Should I spend time with my childhood best friends? My new best friends? Or that sweetheart I can’t seem to get enough of?

Should I spend time with my brothers? My cousins? My aunts and uncles?

Or should I spend some time traveling by myself so I can see if I even need any of these people to be happy? (Spoiler: I do).

It sounds like a ridiculous thing to feel anxious about, but it doesn’t make it any less real. I know that I am so privileged and fortunate to be having this problem in the first place, but that guilt only makes it worse.

And it sure doesn’t help to scroll through social media and see the highlights of my peers’ exploration.

Bangkok, Budapest, Bali…

Is that where I should fly to next?

Manila, Medellín, Melbourne …

Is that where I should spend my time?

FOMO is hard enough when there’s a party happening down the block. In the digital nomad community, there are a thousand parties happening on a thousand blocks in cities all around the globe.

Scrolling through the staged slideshows of their lives, it’s easy to feel like they have all the answers. But I know they don’t. Nobody does.

And flying to the next destination won’t necessarily make me feel any happier or more fulfilled than I am right now.

Part of me says to simply accept the present moment and stop yearning for the future.

But another part of me protests, saying if I accept the present moment forever, I’ll only stay in one place.

And the worst part of me is the part that feels the need to optimize everything. The part that feels like I need to find the best destination, so I can learn the most, see the most, and experience the most.

All of those parts of me are battling for their voice to be heard, and it’s driving me insane.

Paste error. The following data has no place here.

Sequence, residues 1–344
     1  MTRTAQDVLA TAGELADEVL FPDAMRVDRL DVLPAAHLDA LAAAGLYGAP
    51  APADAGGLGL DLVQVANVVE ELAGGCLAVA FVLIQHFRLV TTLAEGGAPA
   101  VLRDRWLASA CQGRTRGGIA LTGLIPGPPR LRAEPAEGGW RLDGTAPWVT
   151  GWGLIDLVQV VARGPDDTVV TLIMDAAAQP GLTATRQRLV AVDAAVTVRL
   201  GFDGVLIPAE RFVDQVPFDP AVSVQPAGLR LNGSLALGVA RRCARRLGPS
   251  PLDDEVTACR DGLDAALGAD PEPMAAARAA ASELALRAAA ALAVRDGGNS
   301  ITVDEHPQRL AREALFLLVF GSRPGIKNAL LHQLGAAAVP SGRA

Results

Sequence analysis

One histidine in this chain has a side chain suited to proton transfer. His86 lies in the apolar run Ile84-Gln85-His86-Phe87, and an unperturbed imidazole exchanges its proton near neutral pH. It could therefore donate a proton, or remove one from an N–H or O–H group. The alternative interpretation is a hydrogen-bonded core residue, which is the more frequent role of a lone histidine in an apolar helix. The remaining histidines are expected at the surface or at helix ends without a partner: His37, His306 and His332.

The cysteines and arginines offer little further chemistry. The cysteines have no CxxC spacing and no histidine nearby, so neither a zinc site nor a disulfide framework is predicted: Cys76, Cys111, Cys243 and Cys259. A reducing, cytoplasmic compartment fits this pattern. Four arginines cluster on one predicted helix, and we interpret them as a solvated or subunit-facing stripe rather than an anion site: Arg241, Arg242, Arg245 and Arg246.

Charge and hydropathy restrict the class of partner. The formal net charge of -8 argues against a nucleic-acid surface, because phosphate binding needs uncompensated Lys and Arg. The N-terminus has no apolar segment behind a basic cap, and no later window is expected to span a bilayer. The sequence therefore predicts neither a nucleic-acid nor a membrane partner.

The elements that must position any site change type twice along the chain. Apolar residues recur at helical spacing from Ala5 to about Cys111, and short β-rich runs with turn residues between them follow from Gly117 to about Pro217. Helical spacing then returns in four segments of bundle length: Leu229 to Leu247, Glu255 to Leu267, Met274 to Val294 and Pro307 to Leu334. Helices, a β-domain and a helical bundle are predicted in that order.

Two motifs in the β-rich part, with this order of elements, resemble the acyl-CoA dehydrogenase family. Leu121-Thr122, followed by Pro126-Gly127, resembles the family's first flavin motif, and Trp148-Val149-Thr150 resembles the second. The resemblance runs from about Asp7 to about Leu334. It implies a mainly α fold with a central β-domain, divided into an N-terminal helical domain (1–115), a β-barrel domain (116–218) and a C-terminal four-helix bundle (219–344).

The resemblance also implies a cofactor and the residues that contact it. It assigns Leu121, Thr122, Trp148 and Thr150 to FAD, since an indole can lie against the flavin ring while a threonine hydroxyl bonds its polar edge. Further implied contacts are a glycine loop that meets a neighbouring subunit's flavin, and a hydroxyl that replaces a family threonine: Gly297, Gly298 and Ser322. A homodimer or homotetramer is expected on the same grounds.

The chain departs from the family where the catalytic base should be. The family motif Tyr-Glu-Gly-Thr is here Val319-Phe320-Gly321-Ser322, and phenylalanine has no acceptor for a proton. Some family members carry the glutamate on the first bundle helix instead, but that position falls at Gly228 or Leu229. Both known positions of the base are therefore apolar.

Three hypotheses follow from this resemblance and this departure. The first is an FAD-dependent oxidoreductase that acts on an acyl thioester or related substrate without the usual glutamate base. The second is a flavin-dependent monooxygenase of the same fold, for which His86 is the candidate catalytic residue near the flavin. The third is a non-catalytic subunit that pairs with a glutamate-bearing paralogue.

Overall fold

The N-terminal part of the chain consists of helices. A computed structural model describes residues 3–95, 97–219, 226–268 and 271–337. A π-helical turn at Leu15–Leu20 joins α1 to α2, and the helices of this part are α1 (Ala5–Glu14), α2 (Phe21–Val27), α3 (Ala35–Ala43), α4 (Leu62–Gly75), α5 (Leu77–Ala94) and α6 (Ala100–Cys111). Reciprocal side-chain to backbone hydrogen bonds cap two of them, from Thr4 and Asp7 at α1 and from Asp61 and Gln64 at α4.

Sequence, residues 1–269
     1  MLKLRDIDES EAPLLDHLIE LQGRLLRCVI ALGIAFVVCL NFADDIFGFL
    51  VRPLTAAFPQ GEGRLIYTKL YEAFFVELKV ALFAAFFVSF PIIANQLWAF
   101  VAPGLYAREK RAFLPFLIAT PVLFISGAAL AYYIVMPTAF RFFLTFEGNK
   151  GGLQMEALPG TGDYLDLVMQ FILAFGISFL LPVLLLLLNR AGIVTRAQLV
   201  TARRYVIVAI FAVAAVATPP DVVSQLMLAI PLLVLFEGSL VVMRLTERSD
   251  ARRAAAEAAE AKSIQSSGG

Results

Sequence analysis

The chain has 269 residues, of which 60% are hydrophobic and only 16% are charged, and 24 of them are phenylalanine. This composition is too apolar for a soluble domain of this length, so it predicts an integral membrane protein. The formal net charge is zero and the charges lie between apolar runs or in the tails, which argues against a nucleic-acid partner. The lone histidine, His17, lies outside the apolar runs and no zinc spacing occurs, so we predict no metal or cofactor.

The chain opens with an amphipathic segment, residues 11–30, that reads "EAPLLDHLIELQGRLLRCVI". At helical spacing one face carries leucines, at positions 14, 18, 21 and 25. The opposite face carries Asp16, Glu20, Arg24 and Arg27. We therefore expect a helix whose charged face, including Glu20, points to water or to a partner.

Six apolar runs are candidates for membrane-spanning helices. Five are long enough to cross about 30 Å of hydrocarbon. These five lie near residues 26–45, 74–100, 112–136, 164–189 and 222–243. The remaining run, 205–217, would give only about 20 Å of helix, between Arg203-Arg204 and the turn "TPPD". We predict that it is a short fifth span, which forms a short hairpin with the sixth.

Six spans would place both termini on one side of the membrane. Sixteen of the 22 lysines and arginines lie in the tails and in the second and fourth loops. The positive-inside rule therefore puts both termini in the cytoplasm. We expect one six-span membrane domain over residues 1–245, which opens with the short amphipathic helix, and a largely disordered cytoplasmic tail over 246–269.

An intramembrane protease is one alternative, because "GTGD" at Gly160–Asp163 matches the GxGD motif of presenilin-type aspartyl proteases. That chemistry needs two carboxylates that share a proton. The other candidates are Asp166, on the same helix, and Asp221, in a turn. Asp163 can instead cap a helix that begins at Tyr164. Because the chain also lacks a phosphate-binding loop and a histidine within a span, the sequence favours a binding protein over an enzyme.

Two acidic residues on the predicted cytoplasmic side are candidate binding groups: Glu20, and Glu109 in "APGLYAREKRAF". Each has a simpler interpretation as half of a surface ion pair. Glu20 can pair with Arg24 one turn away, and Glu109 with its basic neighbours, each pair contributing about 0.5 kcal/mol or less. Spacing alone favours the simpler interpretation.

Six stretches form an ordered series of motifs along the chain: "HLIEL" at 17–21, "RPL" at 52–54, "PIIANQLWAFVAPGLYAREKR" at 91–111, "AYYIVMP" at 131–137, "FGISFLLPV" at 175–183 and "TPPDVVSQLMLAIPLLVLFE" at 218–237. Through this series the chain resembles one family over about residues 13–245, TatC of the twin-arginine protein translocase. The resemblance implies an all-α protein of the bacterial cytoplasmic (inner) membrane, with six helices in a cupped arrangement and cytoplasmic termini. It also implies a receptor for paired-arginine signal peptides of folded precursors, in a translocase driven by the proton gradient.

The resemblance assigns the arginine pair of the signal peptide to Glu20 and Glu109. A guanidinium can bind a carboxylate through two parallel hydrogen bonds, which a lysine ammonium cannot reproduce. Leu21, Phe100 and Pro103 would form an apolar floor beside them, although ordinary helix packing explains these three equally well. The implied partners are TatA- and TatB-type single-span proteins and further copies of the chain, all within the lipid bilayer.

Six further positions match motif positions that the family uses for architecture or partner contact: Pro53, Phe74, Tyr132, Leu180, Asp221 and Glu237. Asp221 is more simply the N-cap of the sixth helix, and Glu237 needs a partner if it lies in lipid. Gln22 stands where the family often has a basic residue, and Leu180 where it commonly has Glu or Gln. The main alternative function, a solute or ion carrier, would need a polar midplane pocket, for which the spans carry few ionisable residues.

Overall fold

But today, I find comfort in a simple truth, a truth that applies to travel, work, relationships, and life.

A truth that reminds me that any decision I make is the best decision.

Life isn’t only about finding the “good” things.

It’s not about the best food, or the smartest friends, or the most beautiful scenery. It’s not about discovering the perfect location or the perfect group of friends to explore it with.

I don’t need to put pressure on myself to find the best path to take, because there is no best path.

The “bad’ parts of life bring good things, and the “good” parts of life bring bad things.

And most of the time, it’s impossible to distinguish between the two.

Because of that, there is no such thing as a wrong decision. Whatever I decide to do is the best decision because it’s the one that I’m doing.

There’s no need to put so much pressure on myself to find the best destination or build the best business. Because there is no best. There is only what is.

So the answer to the incessant digital nomad question is an equally incessant answer.

 

Where to next? It doesn’t matter. Because wherever I’m going is the best place to be.

 

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Melanie